gray fox hunted
All Photo Credits: Curtis Larsen

After about 30 miles of hiking in two days, not finding a single shed, our weekend luck needed to change. For whatever reason, this year the elk were not in the area they usually were shedding their precious brown gold for us to find. We searched and hiked and had a good time finding new country, but they just weren’t on the ground to be found. With only one morning to go on our trip that was now a bust, we decided to try and change our bad luck and do a couple of stands with the predator call before heading back home.

We woke up early and started hiking down from camp into a valley that had rock cliffs surrounding it and some good looking terrain. We originally thought we could pull a bobcat out of the cliffs and that was our hope, but we weren’t going to be picky. If anything came in it was going to be in trouble. I am fairly new to the sport but have a good buddy that has been mentoring and teaching me the tricks of the trade.

Brian had his call and a game plan. We made a stand halfway up on the ridge about 20 yards from each other so I could focus my attention on the cliffs above and he could focus on the valley below. The decoy was in between us so we would each have a shot if something made it all the way in. We set the timer for 10 minutes and did two different calling sequences during that time span. If it’s going to work it usually happens within that timeframe. The timer started and the cottontail in distress squeal began. Brian likes to start out with a rabbit call because he says it plays to all types of predators and we just needed something to happen. We sat that way for about five minutes and then he slowly transitioned into a gray fox in distress.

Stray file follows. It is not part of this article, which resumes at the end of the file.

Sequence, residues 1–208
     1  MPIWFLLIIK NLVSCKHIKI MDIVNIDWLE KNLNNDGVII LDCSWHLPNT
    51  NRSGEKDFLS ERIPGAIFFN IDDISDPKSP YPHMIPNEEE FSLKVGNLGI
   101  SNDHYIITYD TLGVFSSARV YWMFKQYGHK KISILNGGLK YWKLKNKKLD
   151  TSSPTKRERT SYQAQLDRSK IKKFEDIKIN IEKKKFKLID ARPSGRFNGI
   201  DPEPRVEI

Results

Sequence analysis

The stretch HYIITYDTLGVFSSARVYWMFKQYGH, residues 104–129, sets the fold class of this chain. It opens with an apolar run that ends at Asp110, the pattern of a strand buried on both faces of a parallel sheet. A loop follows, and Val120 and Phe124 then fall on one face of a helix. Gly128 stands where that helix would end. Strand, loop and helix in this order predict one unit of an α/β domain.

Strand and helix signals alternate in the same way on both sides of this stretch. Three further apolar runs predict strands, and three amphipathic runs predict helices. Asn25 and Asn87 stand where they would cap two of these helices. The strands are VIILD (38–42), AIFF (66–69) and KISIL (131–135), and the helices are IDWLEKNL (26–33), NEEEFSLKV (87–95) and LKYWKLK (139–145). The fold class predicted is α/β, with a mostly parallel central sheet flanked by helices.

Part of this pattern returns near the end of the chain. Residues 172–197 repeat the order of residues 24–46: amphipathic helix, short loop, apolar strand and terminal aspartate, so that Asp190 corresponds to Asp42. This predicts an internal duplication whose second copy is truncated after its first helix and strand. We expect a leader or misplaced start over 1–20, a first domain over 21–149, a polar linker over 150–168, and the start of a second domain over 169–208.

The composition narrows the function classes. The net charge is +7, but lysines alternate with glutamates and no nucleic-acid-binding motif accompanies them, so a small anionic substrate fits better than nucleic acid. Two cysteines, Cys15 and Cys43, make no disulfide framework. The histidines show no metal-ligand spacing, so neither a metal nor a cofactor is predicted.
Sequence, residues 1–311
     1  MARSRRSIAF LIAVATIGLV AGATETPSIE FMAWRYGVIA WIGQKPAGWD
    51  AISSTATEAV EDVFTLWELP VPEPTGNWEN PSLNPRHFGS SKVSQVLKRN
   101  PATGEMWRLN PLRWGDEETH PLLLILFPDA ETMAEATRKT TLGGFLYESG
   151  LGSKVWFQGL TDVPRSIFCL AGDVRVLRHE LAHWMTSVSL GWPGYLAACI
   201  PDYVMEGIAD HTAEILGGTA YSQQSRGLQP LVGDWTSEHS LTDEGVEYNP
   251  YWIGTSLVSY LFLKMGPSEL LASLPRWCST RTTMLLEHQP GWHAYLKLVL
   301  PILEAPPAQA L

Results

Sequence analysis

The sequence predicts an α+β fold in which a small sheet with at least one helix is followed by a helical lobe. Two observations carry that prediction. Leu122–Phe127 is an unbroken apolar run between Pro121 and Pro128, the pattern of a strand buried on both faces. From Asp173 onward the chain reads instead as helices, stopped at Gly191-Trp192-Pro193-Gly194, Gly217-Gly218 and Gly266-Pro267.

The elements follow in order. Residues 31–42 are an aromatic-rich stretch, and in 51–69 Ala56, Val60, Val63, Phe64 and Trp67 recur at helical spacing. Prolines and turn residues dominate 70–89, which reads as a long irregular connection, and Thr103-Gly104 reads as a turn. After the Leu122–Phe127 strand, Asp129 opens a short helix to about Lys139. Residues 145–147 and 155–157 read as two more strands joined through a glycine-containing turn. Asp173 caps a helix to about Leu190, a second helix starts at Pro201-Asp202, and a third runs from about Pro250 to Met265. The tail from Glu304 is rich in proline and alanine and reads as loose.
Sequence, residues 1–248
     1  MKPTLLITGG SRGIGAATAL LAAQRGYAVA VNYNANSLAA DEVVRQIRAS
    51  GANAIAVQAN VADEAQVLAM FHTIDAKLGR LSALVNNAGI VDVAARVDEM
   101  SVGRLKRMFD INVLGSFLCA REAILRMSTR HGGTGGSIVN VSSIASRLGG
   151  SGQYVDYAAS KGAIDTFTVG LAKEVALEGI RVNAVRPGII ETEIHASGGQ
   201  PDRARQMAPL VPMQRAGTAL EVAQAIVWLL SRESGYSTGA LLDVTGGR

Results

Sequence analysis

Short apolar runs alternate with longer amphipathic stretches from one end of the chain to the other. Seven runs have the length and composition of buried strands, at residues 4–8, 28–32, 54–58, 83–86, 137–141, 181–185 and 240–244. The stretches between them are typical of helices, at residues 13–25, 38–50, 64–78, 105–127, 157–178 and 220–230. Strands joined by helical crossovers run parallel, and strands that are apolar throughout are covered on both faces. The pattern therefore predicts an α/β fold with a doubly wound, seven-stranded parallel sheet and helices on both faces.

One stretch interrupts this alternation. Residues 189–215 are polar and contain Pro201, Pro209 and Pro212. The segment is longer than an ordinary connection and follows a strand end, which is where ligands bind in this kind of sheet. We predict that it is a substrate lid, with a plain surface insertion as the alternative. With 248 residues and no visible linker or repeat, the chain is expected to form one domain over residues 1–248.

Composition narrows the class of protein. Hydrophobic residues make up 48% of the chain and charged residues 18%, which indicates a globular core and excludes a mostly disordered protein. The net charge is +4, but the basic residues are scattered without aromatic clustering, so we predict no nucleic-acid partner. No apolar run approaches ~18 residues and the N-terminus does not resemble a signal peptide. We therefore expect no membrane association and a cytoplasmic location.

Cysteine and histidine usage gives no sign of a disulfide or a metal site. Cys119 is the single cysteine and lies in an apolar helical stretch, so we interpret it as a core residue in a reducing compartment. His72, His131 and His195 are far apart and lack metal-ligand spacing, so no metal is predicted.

I was scanning the rocks and really focusing all of my attention and effort on my upper location. I hadn’t looked at Brian or even in his direction for a few minutes but when I glanced down at him I noticed he had his gun up to his shoulder and he was straining to see something down in the valley. My attention quickly switched and saw what he was looking at. A gray fox was on a b-line running up the valley floor in our direction. I pulled my gun up and got ready. It felt like only a couple of seconds and the fox was already in front of us about ten feet from the decoy. When the fox got close enough it realized something wasn’t right and paused.

The fox was in a better position for Brian so I sat as backup and waited for him to take the shot. Then “click!” his gun hadn’t chambered the round correctly and it misfired. Now was my chance. I didn’t hesitate to take the shot. I shot and hit the fox and it looked like he dropped immediately and right in his tracks. We were pumped and got up to go and check him out. As we approached, the fox jumped up and began running away. I shot at him on the run two more times and luckily connected on the second shot and tumbled him.

What started as a shed hunting trip gone south turned into an amazing experience where I was able to kill my first ever predator over a call and first ever Gray Fox. Perspective is everything and ours had taken a complete 180 in only a matter of moments.

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